The issue seems to be those [who] choose to selectively “care” for patients. Is it appropriate to never be available for emergent services? Is routine fracture management the purview of the secondary referral centers? Does subspecialty training preclude the ability to provide basic orthopaedic care? Although the equipment complexity and ancillary services required to provide good patient care continue to escalate, should that preclude taking care of our own problems “in house”? Finally, when did the care of simple fractures in pediatric patients become the responsibility of the pediatric orthopaedist and a tertiary facility?
My letter clearly touched a nerve for many (and different nerves depending on one’s professional interests and practice settings). Hopefully, debate and interaction by those with different viewpoints allow us to improve the situation. Better a vigorous debate than smoldering resentment.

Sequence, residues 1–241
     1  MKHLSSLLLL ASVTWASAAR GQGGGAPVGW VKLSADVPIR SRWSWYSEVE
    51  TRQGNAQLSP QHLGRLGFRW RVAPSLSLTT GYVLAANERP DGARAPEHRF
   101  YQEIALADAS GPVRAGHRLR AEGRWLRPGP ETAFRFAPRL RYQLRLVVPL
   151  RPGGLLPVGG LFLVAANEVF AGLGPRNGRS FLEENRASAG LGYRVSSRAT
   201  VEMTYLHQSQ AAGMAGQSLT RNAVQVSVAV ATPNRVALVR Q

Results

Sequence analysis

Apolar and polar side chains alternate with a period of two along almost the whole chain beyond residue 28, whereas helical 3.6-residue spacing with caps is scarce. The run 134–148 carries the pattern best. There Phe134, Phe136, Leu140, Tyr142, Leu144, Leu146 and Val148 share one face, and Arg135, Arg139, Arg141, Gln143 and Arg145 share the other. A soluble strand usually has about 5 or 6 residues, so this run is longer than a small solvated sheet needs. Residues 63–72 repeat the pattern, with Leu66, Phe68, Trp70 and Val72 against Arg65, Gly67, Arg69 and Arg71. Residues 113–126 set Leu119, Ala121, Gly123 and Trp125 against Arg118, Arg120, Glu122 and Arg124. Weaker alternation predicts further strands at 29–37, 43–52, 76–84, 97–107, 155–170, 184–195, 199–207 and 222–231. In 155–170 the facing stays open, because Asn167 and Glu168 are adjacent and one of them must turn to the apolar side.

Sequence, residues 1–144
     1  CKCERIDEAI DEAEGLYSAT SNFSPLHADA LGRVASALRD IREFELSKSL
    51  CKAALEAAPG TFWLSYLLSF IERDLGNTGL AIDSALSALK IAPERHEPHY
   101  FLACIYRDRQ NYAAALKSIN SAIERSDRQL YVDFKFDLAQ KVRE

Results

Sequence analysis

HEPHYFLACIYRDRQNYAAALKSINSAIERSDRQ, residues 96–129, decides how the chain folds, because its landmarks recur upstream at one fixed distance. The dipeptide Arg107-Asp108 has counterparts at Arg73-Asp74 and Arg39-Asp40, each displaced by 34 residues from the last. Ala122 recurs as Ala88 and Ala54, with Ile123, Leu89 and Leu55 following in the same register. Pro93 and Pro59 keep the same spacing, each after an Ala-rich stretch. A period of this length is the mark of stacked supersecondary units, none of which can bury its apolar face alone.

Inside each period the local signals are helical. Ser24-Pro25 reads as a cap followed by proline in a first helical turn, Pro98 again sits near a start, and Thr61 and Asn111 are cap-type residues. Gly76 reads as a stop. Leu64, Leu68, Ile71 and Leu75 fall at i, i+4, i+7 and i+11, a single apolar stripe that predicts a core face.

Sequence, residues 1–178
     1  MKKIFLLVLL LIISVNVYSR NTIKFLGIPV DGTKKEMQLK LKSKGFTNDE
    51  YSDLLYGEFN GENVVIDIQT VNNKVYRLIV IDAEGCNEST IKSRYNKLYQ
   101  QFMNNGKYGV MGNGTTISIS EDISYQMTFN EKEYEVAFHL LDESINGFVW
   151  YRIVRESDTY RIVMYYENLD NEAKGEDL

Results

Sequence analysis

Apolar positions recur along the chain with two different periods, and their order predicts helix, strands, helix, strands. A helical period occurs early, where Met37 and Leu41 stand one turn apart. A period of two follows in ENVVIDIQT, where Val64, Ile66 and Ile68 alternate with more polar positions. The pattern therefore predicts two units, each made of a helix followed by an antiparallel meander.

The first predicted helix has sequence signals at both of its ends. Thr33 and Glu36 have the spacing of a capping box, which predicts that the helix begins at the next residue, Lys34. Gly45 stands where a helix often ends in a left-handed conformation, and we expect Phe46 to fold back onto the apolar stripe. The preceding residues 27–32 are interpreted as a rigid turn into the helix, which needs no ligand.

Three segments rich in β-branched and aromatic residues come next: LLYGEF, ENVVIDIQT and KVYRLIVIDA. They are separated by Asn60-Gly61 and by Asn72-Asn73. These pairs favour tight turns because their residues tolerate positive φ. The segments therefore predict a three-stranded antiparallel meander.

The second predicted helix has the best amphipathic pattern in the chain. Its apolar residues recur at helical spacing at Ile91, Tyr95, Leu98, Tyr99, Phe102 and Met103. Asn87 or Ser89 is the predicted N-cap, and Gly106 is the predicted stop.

Thomas K. Miller, MD
Editor’s Note: For more on the trauma/on-call coverage issue, see “To pay or not to pay”), “Getting paid for taking call”, and “Managing the call schedule”.
I could not throw away the May 2008 AAOS Now because I am so appalled by David Attarian, MD, getting on board with this whole “preventable adverse event” campaign…Just because the federal government or other well-intended individuals wish to avoid the so-called unavoidable [events], they are not [always] unavoidable…